Deeds which confer power on the trustee to adopt a different definition should also heed the decision of Forrest v Commissioner of Taxation[5] (Forrest), which read down the trustee's powers in a clause designed to utilise the Bamford reasoning. In Forrest, the court held that such a power was a power to make an administrative determination only, and that it was not an unconfined discretion to determine whether a receipt represents realised or unrealised capital gains.

Several clauses in the Cleardocs deed have been redrafted with Bamford and Forrest in mind, granting the trustee the flexibility to determine whether receipts are to be treated as capital or income. The Cleardocs deed grants the trustee the power to determine whether to adopt an alternative definition in respect of a particular income year, which is unconfined and not merely an administrative power.

3. Plain language and Mercanti's case

The recent decision of the Western Australia Court of Appeal in Mercanti v Mercanti 2016 WASCA 206 (Mercanti) confirms the importance of having a trust deed which uses plain language.

In Mercanti the court was required to consider the validity of the variation of the schedule to the trust deed (which changed the trust's appointor) and whether the trustee was allowed to make such a variation in the first place. Ultimately the decision turned on the wording of the trust deed and the court's interpretation of the word "hereinbefore". The wording of clause 28, the clause in dispute, allowed the trustee to revoke, add to or vary 'all or any of the trusts terms and conditions hereinbefore contained'.

The argument was whether "hereinbefore" meant:

  • the trustee could only vary terms and conditions appearing before that clause (meaning the trustee could not vary the schedule); or
  • whether "hereinbefore" was not intended to operate as a word of limitation.

It was argued that because the schedule appeared after this clause, it was not a term or condition "hereinbefore" contained.

The trial judge concluded that the variation of the appointor in the schedule was valid and the change was within the trustee's power.

On appeal, the court held that the wording of the empowering clause did not restrict the trustee's ability to vary the appointor in the deed. In particular:

  • The majority of judges pointed out that the appointor was defined in the beginning of the deed as including the person named in the schedule. This clause precedes the empowering clause and is therefore "hereinbefore" contained.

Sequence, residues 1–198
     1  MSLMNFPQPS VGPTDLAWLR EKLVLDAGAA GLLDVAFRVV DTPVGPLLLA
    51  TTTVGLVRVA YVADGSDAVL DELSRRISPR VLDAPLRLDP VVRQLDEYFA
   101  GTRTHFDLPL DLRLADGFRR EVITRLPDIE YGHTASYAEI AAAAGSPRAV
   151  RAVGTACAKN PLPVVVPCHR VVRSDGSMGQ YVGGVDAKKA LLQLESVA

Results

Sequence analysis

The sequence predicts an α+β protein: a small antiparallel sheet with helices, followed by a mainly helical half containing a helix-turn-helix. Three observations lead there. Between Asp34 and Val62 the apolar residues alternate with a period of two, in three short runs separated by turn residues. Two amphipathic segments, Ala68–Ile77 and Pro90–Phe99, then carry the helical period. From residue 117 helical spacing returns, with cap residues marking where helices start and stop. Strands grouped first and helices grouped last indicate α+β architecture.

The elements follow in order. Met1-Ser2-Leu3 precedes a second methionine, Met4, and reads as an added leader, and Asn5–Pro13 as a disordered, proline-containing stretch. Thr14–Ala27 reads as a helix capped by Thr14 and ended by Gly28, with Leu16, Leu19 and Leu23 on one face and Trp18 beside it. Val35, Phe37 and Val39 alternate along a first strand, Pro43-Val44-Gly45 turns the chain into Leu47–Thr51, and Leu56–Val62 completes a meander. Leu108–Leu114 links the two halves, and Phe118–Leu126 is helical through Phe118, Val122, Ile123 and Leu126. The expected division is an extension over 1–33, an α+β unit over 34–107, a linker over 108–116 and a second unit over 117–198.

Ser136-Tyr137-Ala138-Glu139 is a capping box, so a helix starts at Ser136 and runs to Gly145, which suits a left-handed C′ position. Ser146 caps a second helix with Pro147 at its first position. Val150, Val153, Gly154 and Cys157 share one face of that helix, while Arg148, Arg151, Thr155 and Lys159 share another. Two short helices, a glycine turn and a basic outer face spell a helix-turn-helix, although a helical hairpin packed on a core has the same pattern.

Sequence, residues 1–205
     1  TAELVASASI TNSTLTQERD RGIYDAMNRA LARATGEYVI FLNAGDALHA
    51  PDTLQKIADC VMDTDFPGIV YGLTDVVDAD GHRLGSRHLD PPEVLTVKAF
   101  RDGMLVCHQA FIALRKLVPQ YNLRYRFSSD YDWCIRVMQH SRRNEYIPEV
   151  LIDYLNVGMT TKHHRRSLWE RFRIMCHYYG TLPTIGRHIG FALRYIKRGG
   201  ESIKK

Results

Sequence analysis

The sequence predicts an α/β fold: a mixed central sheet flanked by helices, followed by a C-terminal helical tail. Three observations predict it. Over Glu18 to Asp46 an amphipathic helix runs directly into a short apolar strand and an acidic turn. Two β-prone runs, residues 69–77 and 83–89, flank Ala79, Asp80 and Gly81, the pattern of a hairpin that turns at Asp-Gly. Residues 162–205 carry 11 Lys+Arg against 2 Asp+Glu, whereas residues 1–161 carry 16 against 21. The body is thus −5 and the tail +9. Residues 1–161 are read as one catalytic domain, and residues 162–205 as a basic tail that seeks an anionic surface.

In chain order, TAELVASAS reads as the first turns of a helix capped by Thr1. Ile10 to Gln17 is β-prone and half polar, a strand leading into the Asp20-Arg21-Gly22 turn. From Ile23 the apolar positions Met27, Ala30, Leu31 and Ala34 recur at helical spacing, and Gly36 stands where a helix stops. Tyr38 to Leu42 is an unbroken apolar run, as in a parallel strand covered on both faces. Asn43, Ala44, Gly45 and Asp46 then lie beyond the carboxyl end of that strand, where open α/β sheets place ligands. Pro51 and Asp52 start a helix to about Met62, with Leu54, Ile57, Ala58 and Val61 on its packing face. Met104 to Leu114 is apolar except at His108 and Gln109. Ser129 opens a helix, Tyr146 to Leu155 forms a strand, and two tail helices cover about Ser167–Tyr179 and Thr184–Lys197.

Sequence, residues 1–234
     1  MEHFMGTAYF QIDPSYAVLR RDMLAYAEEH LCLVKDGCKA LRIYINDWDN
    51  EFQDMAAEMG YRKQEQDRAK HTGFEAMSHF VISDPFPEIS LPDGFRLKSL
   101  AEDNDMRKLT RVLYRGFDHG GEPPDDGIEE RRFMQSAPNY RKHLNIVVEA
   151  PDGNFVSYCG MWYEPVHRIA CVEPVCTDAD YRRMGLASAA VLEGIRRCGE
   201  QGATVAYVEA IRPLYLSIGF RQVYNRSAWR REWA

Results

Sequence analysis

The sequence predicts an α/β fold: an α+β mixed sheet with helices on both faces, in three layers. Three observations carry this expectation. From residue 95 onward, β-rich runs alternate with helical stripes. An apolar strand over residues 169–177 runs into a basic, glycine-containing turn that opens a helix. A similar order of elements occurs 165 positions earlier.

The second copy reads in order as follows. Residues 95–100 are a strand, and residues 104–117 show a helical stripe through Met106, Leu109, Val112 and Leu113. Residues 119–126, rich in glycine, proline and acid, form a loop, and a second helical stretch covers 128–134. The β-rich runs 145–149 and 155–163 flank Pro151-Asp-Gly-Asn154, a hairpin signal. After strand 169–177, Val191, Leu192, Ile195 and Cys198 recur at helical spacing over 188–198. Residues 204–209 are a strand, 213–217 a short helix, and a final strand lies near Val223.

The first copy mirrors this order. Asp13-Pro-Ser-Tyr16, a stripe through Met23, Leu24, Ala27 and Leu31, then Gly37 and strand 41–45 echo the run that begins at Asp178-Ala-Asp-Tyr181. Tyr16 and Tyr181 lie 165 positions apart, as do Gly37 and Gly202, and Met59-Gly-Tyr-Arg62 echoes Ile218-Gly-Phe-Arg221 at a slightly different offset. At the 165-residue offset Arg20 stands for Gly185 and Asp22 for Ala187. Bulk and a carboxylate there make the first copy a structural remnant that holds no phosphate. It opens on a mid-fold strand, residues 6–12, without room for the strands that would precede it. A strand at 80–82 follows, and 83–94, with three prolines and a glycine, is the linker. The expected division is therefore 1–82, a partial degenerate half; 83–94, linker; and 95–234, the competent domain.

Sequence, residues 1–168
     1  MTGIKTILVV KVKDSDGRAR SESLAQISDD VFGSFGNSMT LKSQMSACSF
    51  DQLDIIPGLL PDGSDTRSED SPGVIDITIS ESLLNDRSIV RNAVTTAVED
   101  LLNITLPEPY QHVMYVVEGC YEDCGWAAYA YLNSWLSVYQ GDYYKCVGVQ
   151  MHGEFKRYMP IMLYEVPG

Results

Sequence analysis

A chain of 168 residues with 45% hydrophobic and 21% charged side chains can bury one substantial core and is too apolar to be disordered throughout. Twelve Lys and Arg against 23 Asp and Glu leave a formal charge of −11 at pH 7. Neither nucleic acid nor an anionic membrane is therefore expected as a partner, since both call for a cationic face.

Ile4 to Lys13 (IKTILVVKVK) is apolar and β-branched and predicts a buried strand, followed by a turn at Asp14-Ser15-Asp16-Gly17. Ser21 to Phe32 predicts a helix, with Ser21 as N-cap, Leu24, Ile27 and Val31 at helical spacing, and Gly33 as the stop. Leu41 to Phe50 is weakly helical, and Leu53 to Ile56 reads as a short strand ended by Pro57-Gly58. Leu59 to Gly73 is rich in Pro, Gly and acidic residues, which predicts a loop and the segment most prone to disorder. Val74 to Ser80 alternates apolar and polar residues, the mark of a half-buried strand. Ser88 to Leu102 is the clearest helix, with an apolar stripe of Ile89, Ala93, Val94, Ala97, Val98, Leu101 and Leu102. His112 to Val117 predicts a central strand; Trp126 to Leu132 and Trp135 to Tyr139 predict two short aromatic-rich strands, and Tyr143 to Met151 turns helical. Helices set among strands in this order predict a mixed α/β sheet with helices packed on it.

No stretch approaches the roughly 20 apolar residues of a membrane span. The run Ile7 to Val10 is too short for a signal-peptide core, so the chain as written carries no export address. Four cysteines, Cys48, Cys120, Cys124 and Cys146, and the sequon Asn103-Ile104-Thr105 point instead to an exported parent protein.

• The President of the Court of Appeal made a similar finding, but found that the word "hereinbefore" was in fact a word of limitation and did mean that the trustee could not amend those clauses appearing after clause 28. However, because the definition of the appointor included the person in the schedule — the trustee could still vary the appointor.

The use of plain language is designed to avoid matters of interpretation needing to be determined by successive judicial decisions at great cost to the parties. The Cleardocs deeds are constructed using plain English and clear language therefore avoiding issues such as those raised by Mercanti.

4. Addressing the risks regarding foreign trusts and surcharge duty and land tax

The Cleardocs Discretionary Trust — excluded beneficiaries document package allows you to choose whether you wish to limit distributions of income and capital, by excluding foreign persons as beneficiaries.

You can read about the additional duty and land tax surcharges for foreign purchasers of land in Australia in our earlier ClearLaw article.

More information from Maddocks

For more information please contact Maddocks in Melbourne (03 9288 0555) and ask for a member of the Tax & Revenue Team.

More Cleardocs information on related topics

You can read earlier ClearLaw articles on a range of trust topics.

Order Cleardocs discretionary trust packages

[1] Bamford v Commissioner of Taxation [2009] FCAFC 66.

[2] Mercanti v Mercanti 2016 WASCA 206.

[3] Taxpayer Alert TA 2016/12.

[4] 2001 ACT 4111.

[5] [2010] FCAFC 6.


Lawyer in Profile

Andrew Wright
Andrew Wright
+61 3 9258 3362

Qualifications: LLB (Hons), BCom, University of Melbourne

Andrew is a Partner in Maddocks Tax and Structuring team. He has significant experience in advising Australian and multinational companies, high net worth individuals, accountants and financial advisers on all areas of taxation law.

Andrew regularly provides advice on:

  • structuring of businesses and transactions,
  • mergers and acquisitions,
  • sale of businesses,
  • corporate reorganisations,
  • fixed and discretionary trust deeds, and
  • international tax structuring.

His advice covers both direct and indirect tax considerations.